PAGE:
Website performance is becoming an increasingly important ranking factor. Perhaps even more crucial though, it also has a huge impact on page abandonment, conversions, and ultimately user satisfaction. In order to keep both users and bots happy, it’s important to keep your pages as lean as possible.
We’re always looking at new techniques to speed up websites, so when Google announced their AMP project, it piqued our interest. Today we’re going to be looking at the recently-released WordPress plugin which promises to make any WordPress site AMP compatible.
Getting started is simple as installing the official AMP plugin. While there are other AMP plugins by third parties, we will stick to the official one today.
The AMP plugin starts working immediately once activated. It will generate minimal, AMP-compatible versions of posts and pages on your site. Note that these don’t replace your existing pages, but are additional pages that are automatically served to mobile users in the search results.
Your existing pages do receive an “amphtml” tag, which helps search engines find the amp versions of your pages.
Similarly, the amp version will now link back to the desktop version.
This tag ensures there are no duplicate content issues for search engines.
While setup ends there, unfortunately so do the other customization options. The official AMP plugin offers very few settings to tweak the new version of the page.
Under the AMP Options page in the WordPress sidebar, you are able to turn on AMP support for both posts and pages (which you should likely do). However, there is one other setting which is hidden away in the customizer. Navigate to Appearance > Customizer to find the color options.
The Customizer’s preview page can be toggled into AMP mode by pressing this toggle button at the bottom. Note that not all templates support AMP, so you may need to navigate to a post or page first.
Once amp mode is turned on, select AMP from the sidebar navigation, then Design. This will allow you to customize a small number of color options.
Color scheme and header color are where you built-in options end. To get any more customization out of AMP, you would need to use a theme that supports special hooks designed for AMP.
We’ve decided run some tests to get a better idea of what kind of savings to expect. For a more fair comparison, we’re testing both a lightweight and heavyweight site. Due to the shorter duration of this test, we will focus on page speed rather than SEO performance.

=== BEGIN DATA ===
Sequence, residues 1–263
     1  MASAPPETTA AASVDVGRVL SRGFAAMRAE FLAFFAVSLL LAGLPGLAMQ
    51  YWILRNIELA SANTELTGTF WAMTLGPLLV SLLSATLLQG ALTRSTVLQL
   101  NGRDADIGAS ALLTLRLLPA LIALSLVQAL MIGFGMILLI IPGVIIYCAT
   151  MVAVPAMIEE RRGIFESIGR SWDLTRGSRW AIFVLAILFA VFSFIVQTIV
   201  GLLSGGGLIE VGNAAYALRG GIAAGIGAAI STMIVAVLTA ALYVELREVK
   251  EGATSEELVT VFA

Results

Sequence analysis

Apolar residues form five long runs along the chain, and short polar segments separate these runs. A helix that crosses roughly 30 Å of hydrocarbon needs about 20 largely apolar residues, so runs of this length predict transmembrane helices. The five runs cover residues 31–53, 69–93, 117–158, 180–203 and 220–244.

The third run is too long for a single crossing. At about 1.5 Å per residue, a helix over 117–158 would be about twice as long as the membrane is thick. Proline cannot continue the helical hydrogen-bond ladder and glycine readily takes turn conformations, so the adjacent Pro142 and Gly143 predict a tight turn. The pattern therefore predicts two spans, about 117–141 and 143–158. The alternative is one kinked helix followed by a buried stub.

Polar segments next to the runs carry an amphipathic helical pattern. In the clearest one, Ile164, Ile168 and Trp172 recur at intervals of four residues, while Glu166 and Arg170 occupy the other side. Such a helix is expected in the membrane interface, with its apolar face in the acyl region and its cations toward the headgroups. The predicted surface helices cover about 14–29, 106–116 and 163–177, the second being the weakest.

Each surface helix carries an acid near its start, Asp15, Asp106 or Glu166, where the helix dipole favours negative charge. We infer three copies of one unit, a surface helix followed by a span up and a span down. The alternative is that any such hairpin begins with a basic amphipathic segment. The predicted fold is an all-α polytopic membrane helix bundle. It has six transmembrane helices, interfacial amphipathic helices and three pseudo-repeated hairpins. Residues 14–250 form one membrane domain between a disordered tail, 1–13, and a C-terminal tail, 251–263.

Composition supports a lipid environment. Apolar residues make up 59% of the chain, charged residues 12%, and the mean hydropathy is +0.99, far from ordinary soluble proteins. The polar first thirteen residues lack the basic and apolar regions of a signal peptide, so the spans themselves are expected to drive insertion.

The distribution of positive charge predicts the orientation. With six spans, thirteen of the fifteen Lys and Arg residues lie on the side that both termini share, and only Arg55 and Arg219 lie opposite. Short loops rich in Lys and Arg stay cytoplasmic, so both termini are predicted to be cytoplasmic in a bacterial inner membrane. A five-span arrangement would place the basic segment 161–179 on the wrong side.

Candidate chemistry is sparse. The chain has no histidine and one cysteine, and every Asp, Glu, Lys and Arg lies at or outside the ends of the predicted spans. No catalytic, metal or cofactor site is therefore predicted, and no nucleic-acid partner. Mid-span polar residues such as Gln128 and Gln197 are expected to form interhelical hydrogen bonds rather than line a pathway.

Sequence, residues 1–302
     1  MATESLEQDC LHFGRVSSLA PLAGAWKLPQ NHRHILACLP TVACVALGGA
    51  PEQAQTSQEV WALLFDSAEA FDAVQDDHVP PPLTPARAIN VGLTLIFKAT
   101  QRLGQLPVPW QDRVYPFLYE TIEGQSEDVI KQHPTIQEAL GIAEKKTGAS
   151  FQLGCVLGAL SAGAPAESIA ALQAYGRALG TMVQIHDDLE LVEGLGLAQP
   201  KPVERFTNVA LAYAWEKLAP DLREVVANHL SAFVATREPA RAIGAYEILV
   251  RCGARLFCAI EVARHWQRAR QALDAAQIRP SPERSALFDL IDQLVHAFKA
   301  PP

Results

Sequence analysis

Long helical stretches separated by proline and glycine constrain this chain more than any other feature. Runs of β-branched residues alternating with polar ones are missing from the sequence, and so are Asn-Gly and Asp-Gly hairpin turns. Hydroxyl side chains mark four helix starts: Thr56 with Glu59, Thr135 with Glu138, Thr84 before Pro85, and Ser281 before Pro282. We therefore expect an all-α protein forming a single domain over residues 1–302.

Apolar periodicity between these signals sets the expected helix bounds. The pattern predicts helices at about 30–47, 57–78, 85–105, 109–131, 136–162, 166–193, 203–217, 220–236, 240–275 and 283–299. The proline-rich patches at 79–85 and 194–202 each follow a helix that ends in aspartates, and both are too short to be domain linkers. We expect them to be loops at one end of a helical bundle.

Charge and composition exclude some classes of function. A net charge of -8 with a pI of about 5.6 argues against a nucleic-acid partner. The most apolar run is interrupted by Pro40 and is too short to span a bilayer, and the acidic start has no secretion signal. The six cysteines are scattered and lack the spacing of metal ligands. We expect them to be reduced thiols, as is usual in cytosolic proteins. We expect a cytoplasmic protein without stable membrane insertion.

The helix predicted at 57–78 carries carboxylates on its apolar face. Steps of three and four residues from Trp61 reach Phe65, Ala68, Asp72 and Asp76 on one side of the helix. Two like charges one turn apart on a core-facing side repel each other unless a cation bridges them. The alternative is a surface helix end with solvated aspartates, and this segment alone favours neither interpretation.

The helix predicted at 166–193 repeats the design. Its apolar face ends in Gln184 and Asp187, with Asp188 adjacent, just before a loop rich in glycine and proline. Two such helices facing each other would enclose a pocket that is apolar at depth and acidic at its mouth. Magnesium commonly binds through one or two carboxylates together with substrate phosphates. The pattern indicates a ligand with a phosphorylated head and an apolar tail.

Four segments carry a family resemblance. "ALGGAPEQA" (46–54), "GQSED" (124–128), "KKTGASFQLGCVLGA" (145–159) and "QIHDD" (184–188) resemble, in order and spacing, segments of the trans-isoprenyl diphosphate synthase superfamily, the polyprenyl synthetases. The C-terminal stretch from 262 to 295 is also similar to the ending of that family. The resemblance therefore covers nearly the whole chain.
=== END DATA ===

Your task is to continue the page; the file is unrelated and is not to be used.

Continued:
The first website is a new site we’ve designed for a law firm. It’s very light and loads quickly already, so the effects of AMP should be minimal. We’ll be measuring performance using a 3G connection.
Original: Load time: 3.1 seconds, Requests: 37, Total Data: 182 KB.
AMP: Load time: 3.6 seconds, Requests: 6, Total Data: 113 KB.
Our original page was actually slightly faster than the AMP version, even though the amount of data and number of requests were larger. This is likely due to AMP’s requests being external, as that requires DNS lookups and TLS exchanges. Our server is also multiplexed via HTTP/2 which mitigates the cost of additional HTTP requests.
On an HTTP/1.1 server, the AMP page would most likely have won.
For this one we’ll be tested a lodging business. This site includes large photos, and uses many scripts and CSS files. This should be more interesting.
Original: Load time: 20.6 seconds, Requests: 159, Total Data: 2,962 KB.
AMP: Load time: 8.9 seconds, Requests: 19, Total Data: 888 KB.
In this case, the AMP page was noticeably faster than the original page. The AMP page was still quite heavy due mostly to including all the same images as the original page. Scripts and CSS were significantly reduced though as the AMP version replaces these with its own.
If considering just the performance impact, AMP can make sense on larger websites; especially those that are heavy on CSS and scripts.
If you do decide to use the AMP plugin though, you must also make some concessions. These generated AMP pages offer little control, and largely come down having to “take it or leave it”. If your content doesn’t work well without CSS, or if the generated page clashes with your brand identity, then you have little recourse in fixing it.
Having an AMP page also means having to maintain two different versions of your content. If your regular page has a contact form, you’ll need to consider if AMP users are still able to reach you. This added complexity may not be worth the performance gains in all cases.
Finally, AMP pages must be recognized as being fully isolated. There is no navigation to the rest of your site, nor is there support for your homepage, blog indexes, etc. This means that your viewers are likely to stay only briefly.
Like anything else, AMP is just a tool. It’s one option for speeding up your website for a subset of mobile users. It does not replace the need for you to have a fast website, but it may offer a bandaid solution while you get there on your own.